I think that I have to disagree that simply listing the number of female characters who haven't been raped to get a statistical analysis for the percentage of women in comics is missing the point of the arguement for the data: Comics have primarily been a boys club, and there are years and years worth of negative stereotypes to overcome, especially to a traditional male audience that is generally no known for having fairly enlightened views of sexuality. When the rape stereotype comes up, it can stand out a bit too much like a sore thumb, or at least lazy writing. As the comics ahve become targeted to a more adult audience, the suggestion of the sexual assault have moved from the inference to more concrete, and thus, has become even more disturbing. As a father of two girls, yes, it bothers me tremendously, and while you could argue that that makes the rape an effective dramatic device since I do have an emotional reaction to it, I'm tired of it. Just as too many years of off-off-off-Broadway plays in New York made me hate the "every male is gay, they just won't admit it" plot line constantly written by gay off-off-off-Broadway playwrites.

Give me something else.

There, I'm done. The flames can begin.

7 comments:

Kid Sis said...

Carrie Fisher on space underwear.

samuel rules said...

thanks for posting a link to your response on our blog, sometimes these things never get back to each other!!

Eden said...

I had problems with that original post myself, but you articulated them better than I ever could. There are certainly plenty of problematic female characters out there, but sometimes you have to take the good with the bad, if that makes sense.

inkdestroyedmybrush said...

eden and sam - thanks for taking the time to read. I've not dived in to the gender wars in a while, but i couldn't pass this up.

We'll see how some others take the post. i'm sure that i"ll get flamed at some point or another.

Also, please note that Kid Sis did the homework to find the Carrie Fisher quote!

Scott (The Mad Thinker) Anderson said...

You'll get no flames from me, but I'll probably respond on my blog. Overall, I thought that was a thoughtful piece.

James Meeley said...

As the comics ahve become targeted to a more adult audience, the suggestion of the sexual assault have moved from the inference to more concrete, and thus, has become even more disturbing. As a father of two girls, yes, it bothers me tremendously, and while you could argue that that makes the rape an effective dramatic device since I do have an emotional reaction to it, I'm tired of it.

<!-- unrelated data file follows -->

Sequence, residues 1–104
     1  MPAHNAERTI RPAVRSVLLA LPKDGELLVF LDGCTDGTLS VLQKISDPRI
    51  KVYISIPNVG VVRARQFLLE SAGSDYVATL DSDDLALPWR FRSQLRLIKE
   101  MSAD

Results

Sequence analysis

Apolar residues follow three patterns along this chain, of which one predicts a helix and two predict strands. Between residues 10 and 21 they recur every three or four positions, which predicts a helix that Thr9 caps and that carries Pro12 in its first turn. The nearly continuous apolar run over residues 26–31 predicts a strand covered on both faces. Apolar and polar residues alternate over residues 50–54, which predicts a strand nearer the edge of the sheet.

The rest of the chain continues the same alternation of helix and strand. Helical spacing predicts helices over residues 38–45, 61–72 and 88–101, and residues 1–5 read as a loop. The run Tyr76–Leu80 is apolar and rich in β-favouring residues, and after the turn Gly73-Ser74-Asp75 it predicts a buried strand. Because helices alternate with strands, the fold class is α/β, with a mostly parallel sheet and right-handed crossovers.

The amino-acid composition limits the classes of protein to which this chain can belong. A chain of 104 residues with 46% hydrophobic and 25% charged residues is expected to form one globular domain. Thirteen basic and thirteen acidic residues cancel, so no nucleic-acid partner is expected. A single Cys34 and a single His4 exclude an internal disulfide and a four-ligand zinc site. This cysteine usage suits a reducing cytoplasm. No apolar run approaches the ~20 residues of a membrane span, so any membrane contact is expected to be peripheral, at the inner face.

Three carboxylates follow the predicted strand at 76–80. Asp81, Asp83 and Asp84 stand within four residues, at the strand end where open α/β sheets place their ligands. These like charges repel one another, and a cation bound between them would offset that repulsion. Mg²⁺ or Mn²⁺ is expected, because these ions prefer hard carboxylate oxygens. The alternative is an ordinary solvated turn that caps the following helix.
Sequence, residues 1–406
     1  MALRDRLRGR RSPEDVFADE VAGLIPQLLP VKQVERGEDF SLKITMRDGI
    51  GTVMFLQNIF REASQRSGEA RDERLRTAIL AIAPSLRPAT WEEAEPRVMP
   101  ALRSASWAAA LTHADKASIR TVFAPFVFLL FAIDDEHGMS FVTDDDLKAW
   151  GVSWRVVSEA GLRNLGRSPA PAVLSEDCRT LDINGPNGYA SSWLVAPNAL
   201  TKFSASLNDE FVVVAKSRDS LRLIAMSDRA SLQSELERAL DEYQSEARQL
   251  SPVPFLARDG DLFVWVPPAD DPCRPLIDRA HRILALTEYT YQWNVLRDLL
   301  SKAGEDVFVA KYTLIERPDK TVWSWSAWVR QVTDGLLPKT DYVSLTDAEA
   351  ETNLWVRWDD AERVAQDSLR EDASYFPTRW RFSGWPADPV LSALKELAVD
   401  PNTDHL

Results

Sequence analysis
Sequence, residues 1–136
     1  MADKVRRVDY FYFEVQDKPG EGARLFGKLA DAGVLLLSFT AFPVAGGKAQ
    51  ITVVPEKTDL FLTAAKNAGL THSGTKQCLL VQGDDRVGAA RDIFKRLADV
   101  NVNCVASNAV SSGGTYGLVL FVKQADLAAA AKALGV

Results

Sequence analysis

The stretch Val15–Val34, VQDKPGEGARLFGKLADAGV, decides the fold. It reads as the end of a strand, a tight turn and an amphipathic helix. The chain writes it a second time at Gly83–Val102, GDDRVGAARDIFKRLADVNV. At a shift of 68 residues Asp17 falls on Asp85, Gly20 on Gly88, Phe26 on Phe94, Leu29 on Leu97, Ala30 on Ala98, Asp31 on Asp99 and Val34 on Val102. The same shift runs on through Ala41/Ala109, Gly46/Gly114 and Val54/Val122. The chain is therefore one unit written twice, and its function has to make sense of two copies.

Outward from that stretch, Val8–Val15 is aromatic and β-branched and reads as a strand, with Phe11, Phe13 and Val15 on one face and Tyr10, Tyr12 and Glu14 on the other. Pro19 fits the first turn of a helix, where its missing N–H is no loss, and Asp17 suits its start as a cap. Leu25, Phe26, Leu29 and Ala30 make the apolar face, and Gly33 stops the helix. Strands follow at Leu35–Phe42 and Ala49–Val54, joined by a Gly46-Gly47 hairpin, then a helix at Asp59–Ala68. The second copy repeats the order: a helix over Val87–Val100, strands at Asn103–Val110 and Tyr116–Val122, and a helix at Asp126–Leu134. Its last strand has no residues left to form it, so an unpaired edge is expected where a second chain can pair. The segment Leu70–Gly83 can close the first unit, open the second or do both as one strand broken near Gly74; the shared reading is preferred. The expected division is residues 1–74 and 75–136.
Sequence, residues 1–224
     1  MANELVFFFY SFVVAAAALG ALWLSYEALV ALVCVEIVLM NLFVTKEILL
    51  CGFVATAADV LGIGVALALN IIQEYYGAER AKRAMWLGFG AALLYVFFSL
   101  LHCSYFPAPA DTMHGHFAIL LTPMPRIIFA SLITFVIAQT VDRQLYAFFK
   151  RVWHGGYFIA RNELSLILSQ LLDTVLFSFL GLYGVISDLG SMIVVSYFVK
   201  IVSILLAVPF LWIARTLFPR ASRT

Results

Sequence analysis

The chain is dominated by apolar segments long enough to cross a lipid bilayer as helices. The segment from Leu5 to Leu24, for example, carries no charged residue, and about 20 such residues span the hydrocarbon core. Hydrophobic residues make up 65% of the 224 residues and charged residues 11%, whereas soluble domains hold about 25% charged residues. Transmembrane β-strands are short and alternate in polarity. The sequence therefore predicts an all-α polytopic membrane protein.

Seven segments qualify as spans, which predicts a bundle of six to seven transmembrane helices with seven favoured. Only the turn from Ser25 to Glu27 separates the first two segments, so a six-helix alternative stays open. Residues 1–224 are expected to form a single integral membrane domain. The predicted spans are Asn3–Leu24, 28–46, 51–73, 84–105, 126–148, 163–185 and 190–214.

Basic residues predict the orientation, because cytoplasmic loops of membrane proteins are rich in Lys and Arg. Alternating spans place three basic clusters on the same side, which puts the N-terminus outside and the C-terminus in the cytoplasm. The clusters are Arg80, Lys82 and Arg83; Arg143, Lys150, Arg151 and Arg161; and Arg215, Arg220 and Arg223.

Charles:

I was planning to write a huge reply about this to you (not a flame though), which was to show that those of us who stand against such outlandishly silly claims, like "80% of all female characters in superhero comics have been raped", aren't as far apart on the issues with you as you think. But then, I saw Scott's blog post response to you and just figured I'd put the main thrust of it here, as I feel the exact same way he does on it. Just read what's below, in regards to your quote above:

"This is the argument against rape in comics that works. This is true. And it is the only argument necessary. There is no need to clutter it up with intellectualization about feminist or literary theory.

The argument that there’s lots of rape in comics fails because it always comes off as an overstatement. Far less than 1% of comics have rape in them. Most writers have written zero rape stories and few have written more than 1. The argument that rape is lazy writing fails because comics are built almost entirely on big, obvious threats that could just as easily be considered lazy writing, but it is for those big, obvious threats that we tend to buy super hero comics. But saying that you just don’t like rape stories works. There is no arguing against it and it seems to be true of many readers, and their real motivation for speaking out against rape in comics."

All I need add here is a hearty "'Nuff said", I think. :)